O’Dowd is a feminist too, so what about the recent GQ cover with two half-clad women draped over him? “Chris and I felt a ‘shouldn’t have done-ness’ about that after it came out,” she says. “It was a huge privilege to be called ‘the king of comedy’ on the cover of GQ, and he is so not a player, it’s tongue-in-cheek, but in retrospect it did not represent who he is. I’m not anti-sex, but he’s not a lad. He’s immensely respectful of women.”
She wants children: “I want to see Chris as a father, he’d be so endlessly brilliant.” But she finds motherhood “slightly scary. I have this fear I’ll die on my children. My mum died ‘next year’ and I’m healthy. I’m not a hypochondriac, just very aware of my body. If my mum had checked herself, she might not have died.” She does a lot of work with cancer charities.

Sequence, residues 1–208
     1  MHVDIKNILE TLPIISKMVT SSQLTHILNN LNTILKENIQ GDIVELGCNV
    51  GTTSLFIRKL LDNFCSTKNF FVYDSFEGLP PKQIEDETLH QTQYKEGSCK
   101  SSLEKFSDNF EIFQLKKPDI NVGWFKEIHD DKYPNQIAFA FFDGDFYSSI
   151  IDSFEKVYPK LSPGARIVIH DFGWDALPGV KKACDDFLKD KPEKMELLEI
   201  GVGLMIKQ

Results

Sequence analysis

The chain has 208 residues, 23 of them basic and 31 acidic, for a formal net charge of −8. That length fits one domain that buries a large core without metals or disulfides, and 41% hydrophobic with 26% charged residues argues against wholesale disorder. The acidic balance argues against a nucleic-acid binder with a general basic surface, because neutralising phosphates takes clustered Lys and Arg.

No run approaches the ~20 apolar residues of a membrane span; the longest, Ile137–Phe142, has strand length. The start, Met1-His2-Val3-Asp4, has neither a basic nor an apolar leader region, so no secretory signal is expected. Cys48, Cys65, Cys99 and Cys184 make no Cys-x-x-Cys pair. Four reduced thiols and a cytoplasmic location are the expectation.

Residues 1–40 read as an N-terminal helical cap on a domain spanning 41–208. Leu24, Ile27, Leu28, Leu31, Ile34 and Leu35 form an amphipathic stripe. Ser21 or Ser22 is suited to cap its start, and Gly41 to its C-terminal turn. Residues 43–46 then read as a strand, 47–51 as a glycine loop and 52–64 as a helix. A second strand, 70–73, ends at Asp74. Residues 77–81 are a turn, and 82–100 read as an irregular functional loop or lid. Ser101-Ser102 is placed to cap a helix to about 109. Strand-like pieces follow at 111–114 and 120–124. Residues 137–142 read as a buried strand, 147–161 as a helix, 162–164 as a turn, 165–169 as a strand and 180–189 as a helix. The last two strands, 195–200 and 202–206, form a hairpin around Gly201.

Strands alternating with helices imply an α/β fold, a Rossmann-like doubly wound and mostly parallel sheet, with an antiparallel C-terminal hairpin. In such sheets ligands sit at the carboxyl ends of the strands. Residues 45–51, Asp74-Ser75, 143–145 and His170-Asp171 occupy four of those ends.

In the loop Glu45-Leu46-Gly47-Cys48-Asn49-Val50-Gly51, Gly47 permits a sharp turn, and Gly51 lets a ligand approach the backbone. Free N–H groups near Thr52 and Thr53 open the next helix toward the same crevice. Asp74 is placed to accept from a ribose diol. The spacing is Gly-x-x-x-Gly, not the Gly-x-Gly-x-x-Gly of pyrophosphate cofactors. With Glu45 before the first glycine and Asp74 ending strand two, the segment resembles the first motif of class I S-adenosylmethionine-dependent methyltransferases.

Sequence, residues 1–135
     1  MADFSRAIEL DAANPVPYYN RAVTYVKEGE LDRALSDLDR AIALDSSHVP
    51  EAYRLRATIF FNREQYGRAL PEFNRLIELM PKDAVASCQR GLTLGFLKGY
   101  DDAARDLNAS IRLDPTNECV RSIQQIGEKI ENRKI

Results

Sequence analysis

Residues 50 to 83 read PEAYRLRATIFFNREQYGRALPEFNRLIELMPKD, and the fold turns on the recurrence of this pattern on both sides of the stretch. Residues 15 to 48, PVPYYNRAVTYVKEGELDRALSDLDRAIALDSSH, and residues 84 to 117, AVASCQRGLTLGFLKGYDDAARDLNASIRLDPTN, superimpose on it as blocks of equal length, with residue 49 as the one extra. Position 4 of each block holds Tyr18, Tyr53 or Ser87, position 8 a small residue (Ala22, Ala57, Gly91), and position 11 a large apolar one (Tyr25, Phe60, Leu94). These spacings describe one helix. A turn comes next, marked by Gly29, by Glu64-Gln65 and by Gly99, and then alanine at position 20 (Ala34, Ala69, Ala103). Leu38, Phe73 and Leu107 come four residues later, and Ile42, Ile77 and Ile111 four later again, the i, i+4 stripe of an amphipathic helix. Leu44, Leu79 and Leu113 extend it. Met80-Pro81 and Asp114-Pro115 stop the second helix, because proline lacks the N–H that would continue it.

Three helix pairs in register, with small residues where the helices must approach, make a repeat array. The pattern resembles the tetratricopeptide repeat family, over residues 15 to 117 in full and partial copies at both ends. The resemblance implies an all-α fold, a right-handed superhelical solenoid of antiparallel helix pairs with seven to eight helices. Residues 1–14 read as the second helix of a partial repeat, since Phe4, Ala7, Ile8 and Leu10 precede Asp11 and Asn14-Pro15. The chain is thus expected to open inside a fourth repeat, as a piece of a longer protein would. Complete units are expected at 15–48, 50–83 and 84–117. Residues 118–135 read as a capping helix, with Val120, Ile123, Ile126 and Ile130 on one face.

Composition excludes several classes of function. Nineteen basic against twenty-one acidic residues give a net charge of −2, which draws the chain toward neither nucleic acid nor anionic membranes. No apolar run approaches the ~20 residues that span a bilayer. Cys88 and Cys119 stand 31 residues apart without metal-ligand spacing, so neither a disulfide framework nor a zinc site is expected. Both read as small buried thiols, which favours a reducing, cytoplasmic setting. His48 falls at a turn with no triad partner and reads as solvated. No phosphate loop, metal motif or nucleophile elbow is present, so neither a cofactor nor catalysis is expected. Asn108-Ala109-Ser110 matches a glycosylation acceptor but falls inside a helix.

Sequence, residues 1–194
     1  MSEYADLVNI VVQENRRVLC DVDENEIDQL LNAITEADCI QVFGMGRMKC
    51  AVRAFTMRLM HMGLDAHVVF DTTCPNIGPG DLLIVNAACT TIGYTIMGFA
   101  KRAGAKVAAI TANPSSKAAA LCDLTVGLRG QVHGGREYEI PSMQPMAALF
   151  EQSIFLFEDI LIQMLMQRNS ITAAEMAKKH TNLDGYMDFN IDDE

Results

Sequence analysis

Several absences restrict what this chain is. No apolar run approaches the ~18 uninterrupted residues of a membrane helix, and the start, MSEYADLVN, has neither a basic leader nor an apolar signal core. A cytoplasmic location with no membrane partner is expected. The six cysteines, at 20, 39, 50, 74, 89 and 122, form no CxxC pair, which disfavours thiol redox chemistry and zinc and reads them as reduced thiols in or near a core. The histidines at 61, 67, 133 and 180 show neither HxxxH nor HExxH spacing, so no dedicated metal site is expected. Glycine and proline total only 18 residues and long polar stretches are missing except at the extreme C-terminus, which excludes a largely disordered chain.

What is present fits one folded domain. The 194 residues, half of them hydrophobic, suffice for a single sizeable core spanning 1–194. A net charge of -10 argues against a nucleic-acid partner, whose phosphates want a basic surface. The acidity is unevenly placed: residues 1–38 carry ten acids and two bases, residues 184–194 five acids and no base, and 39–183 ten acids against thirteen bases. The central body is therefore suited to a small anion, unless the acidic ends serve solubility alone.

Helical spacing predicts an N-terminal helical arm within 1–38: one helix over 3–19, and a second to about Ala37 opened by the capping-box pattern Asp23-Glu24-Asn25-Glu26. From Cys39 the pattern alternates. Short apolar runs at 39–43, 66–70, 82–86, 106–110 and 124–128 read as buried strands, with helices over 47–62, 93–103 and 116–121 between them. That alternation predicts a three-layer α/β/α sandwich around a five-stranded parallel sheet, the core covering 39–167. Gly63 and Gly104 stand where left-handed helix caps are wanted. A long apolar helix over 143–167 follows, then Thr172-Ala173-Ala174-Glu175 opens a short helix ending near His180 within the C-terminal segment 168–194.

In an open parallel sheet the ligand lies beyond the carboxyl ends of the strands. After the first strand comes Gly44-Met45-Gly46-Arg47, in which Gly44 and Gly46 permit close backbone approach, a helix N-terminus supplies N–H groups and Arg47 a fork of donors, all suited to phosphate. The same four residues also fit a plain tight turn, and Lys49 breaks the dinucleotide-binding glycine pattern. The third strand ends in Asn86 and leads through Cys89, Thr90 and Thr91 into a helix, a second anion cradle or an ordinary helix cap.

When O’Dowd was nominated for Best Actor at the Tonys (he lost to Bryan Cranston), she wore vintage Halston. She embraces standing out rather than wearing pieces everyone else sees in Topshop. “I mean, there are worse problems in life,” she says drily, “but you can avoid that one.”